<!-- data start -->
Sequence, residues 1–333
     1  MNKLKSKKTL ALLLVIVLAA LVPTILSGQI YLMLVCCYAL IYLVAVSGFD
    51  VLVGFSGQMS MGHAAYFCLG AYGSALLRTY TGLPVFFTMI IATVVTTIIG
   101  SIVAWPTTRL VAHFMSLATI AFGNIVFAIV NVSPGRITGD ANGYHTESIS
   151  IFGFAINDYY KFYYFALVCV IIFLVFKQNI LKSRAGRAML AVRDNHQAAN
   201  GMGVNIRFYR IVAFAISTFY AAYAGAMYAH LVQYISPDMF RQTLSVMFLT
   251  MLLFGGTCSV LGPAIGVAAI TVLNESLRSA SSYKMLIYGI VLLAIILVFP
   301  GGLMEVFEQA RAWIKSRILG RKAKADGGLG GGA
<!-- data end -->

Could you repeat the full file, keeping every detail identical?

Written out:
Sequence, residues 1–333
     1  MNKLKSKKTL ALLLVIVLAA LVPTILSGQI YLMLVCCYAL IYLVAVSGFD
    51  VLVGFSGQMS MGHAAYFCLG AYGSALLRTY TGLPVFFTMI IATVVTTIIG
   101  SIVAWPTTRL VAHFMSLATI AFGNIVFAIV NVSPGRITGD ANGYHTESIS
   151  IFGFAINDYY KFYYFALVCV IIFLVFKQNI LKSRAGRAML AVRDNHQAAN
   201  GMGVNIRFYR IVAFAISTFY AAYAGAMYAH LVQYISPDMF RQTLSVMFLT
   251  MLLFGGTCSV LGPAIGVAAI TVLNESLRSA SSYKMLIYGI VLLAIILVFP
   301  GGLMEVFEQA RAWIKSRILG RKAKADGGLG GGA